Many theologians accept the criticism that their beliefs lack rational proof, and still insist that they are right to believe in the existence of God. However, it is much harder for them to be confronted with the problem of evil, because this makes their beliefs irrational and contradictory, instead of simply unreasonable.
Evil is logically inconsistent with the existence of an omnipotent and omni benevolent God. If we define â€˜evilâ€™ and â€˜goodâ€™ as opposites, and determine that good will always try to destroy evil, we can conclude that an all-powerful and good being would get rid of all evil; since this is not the case, an omnipotent good being cannot exist.
An adequate solution to the problem of evil is a change in the fundamental definition of either â€˜goodâ€™, â€˜evilâ€™, or â€˜Godâ€™. Some people choose not to believe in the omnipotence of God; others argue that evil does not really exist. This does not actually solve anything, as the rejection of a premise often turns out to be false, and the theologian who does so actually restates said premise later in the argument.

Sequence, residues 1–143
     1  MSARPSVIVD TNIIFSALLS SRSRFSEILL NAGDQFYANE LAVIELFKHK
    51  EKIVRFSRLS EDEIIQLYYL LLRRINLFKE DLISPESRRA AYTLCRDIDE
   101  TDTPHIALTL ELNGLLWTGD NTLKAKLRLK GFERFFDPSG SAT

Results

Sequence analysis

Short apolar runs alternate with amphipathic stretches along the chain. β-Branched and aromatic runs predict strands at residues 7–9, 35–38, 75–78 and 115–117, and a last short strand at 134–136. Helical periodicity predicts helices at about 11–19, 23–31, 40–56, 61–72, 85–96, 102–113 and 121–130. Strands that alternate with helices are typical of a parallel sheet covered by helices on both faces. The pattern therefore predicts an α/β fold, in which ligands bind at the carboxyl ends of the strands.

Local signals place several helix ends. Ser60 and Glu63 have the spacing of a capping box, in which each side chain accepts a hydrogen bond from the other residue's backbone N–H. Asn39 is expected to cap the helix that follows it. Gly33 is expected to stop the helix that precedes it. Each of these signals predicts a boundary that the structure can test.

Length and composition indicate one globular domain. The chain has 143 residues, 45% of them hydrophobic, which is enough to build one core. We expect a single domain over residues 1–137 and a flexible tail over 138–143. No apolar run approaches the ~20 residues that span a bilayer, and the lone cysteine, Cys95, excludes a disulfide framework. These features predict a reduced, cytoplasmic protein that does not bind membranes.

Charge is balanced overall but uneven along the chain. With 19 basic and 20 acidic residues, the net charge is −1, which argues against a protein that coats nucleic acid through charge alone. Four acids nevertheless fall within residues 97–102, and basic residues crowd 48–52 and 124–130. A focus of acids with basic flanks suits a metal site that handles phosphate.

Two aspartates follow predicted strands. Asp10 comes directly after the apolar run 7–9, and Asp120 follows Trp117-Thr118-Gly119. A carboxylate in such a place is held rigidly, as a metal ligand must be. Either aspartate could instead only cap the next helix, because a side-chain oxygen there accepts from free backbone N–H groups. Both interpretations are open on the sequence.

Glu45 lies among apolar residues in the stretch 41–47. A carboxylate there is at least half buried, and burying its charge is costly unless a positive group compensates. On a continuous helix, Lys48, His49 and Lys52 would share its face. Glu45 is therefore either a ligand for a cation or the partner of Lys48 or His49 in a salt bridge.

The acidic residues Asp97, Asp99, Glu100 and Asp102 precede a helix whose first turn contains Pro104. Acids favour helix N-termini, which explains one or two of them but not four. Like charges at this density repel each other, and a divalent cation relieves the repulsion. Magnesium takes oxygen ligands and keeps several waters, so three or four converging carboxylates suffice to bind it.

There are also many fallacious arguments that claim to retain all of the aforementioned premises and still solve the problem of evil. These are mistaken â€“ often because the arguer implicitly rejects on of the premises, which renders the proof illogical.
One of these arguments claims that good cannot exist without evil. This rejects the premise of Godâ€™s omnipotence, for an all powerful being has no limits on what it can do, including creating good without evil. It also changes the opposition of â€˜goodâ€™ and â€˜evilâ€™ â€“ in our definition, good tries to eliminate evil â€“ and makes them out to be relative qualities. If something can be called good or evil without a comparison to something else, then good can exist without evil.